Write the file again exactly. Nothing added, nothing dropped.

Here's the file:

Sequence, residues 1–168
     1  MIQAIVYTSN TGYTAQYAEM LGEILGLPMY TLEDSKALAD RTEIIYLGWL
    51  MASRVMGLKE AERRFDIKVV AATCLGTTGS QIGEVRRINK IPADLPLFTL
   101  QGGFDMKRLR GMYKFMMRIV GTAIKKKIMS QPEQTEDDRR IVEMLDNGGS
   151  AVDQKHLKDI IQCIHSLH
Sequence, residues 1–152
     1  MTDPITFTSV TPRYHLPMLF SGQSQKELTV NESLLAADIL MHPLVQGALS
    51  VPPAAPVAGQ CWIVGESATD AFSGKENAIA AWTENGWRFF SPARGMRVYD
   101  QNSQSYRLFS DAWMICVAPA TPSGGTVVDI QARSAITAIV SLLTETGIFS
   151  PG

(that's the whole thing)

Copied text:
Sequence, residues 1–168
     1  MIQAIVYTSN TGYTAQYAEM LGEILGLPMY TLEDSKALAD RTEIIYLGWL
    51  MASRVMGLKE AERRFDIKVV AATCLGTTGS QIGEVRRINK IPADLPLFTL
   101  QGGFDMKRLR GMYKFMMRIV GTAIKKKIMS QPEQTEDDRR IVEMLDNGGS
   151  AVDQKHLKDI IQCIHSLH
Sequence, residues 1–152
     1  MTDPITFTSV TPRYHLPMLF SGQSQKELTV NESLLAADIL MHPLVQGALS
    51  VPPAAPVAGQ CWIVGESATD AFSGKENAIA AWTENGWRFF SPARGMRVYD
   101  QNSQSYRLFS DAWMICVAPA TPSGGTVVDI QARSAITAIV SLLTETGIFS
   151  PG